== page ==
Breast Compression

by Jack Newman, MD, FRCPC

Here's What You'll Find Below:When to use breast compression
Useful latch facts
How to do breast compression
You won't be doing this forever!

Introduction

The purpose of breast compression is to continue the flow of milk to the baby when the baby is only sucking without drinking. Drinking ("open mouth wide—pause—then close mouth" type of suck -- see the video clip at Example of Baby Nursing Effectively) means baby got a mouthful of milk. If baby is no longer drinking on his own, mother may use compressions to "turn sucks or nibbling into drinks," and keep baby receiving milk. Compressions simulate a letdown or milk ejection reflex (the sudden rushing down of milk that mothers experience during the feeding or when they hear a baby cry -- though many women will not "feel" their let down). The technique may be useful for:

  • Poor weight gain in the baby
  • Colic in the breastfed baby
  • Frequent feedings and/or long feedings
  • Sore nipples in the mother
  • Recurrent blocked ducts and/or mastitis
  • Encouraging the baby who falls asleep quickly to continue drinking not just sucking
  • A "lazy" baby, or baby who seems to want to just "pacify." Incidentally babies are not lazy, they respond to milk flow.

Compression is not necessary if everything is going well. When all is going well, the mother should allow the baby to "finish" feeding on the first side and offer the other side. How do you know the baby is finished the first side? When he is just sucking (rapid sucks without pause) and no longer drinking at the breast ("open mouth wide — pause — then close mouth" type of suck). Compressions help baby to get the milk.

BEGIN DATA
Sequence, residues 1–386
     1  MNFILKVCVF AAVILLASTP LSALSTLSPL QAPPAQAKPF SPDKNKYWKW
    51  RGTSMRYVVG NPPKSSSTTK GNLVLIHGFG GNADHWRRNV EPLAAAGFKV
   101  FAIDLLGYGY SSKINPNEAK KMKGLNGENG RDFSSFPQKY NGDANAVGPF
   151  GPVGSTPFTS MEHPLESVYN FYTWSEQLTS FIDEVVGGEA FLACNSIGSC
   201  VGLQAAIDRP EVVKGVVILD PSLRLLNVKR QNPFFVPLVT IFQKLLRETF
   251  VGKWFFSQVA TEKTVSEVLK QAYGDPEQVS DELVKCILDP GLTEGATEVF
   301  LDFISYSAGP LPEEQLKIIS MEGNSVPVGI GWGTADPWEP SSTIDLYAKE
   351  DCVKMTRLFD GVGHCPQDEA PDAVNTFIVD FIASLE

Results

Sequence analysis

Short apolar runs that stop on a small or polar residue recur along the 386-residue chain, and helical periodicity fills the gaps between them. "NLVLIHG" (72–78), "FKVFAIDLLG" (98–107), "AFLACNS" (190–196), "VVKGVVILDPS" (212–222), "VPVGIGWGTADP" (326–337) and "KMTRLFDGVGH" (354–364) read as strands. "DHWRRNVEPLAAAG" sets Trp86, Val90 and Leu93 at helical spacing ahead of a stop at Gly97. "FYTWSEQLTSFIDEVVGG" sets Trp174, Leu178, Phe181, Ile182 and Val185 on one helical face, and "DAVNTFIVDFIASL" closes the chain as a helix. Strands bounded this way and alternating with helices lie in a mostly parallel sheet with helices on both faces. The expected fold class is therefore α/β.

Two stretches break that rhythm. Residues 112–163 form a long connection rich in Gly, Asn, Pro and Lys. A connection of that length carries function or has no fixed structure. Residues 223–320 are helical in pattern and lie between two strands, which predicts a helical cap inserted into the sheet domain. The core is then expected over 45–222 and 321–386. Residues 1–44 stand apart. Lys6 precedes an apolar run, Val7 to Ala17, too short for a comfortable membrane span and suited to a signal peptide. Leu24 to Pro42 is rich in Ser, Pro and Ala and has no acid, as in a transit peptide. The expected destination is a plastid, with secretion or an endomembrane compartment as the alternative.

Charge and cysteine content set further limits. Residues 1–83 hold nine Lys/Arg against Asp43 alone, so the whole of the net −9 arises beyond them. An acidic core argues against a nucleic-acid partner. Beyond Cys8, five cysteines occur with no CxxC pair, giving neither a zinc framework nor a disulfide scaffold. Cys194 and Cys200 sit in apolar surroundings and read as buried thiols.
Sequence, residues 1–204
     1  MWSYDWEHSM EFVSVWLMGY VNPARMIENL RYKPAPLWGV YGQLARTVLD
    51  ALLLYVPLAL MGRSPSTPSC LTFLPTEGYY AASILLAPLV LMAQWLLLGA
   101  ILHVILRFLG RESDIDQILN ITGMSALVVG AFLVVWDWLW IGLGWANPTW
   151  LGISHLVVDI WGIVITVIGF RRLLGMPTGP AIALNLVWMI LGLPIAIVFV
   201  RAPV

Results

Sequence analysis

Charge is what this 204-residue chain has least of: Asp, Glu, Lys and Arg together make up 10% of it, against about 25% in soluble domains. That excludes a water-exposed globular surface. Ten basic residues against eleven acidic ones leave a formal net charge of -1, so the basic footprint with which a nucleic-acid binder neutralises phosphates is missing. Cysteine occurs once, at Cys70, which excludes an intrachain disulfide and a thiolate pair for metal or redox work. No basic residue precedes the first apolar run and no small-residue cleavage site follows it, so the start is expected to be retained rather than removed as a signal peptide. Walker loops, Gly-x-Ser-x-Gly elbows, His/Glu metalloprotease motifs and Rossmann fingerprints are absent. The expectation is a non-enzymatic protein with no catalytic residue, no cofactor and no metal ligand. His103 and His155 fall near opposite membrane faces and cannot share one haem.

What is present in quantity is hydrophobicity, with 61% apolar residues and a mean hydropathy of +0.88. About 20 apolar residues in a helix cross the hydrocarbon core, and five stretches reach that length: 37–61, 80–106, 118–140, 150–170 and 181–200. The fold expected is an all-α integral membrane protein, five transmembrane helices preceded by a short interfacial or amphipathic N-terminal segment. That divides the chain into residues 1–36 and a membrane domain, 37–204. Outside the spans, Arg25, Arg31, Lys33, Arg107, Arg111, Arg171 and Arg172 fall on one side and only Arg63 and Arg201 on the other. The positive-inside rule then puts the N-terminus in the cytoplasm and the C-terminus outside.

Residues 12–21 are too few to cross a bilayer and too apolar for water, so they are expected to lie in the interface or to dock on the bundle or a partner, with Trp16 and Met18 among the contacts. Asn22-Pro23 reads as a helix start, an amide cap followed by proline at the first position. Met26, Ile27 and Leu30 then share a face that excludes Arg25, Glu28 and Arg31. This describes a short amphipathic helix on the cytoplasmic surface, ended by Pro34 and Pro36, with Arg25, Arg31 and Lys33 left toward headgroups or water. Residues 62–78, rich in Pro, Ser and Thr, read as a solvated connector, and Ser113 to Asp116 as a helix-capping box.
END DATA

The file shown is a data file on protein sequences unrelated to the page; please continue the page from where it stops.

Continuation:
Breast compression works particularly well in the first few days to help the baby get more colostrum. Babies do not need much colostrum, but they need some. A good latch and compression help them get it.

It may be useful to know that

1. A baby who is well latched on gets milk more easily than one who is not. A baby who is poorly latched on can get milk only when the flow of milk is rapid. Thus, many mothers and babies do well with breastfeeding in spite of a poor latch, because most mothers produce an abundance of milk. However, the mother may pay a price for baby's poor latching—for example: sore nipples, a baby who is colicky, and/or a baby who is constantly on the breast (but drinking only a small part of the time).

2. In the first 3-6 weeks of life, many babies tend to fall asleep at the breast when the flow of milk is slow, not necessarily when they have had enough to eat and not because they are lazy or want to pacify. After this age, they may start to pull away at the breast when the flow of milk slows down. However, some pull at the breast even when they are much younger, sometimes even in the first days and some babies fall asleep even at 3 or 4 months when the milk flow is slow.

Breast compression -- How to do it

(Use with Protocol for Managing Breastmilk Intake)

1. Hold the baby with one arm.

2. Support your breast with the other hand, encircling it by placing your thumb on one side of the breast (thumb on the upper side of the breast is easiest), your other fingers on the other, close to the chest wall.

3. Watch for the baby's drinking, (see videos at nbci.ca ) though there is no need to be obsessive about catching every suck. The baby gets substantial amounts of milk when he is drinking with an "open mouth wide—pause—then close mouth" type of suck.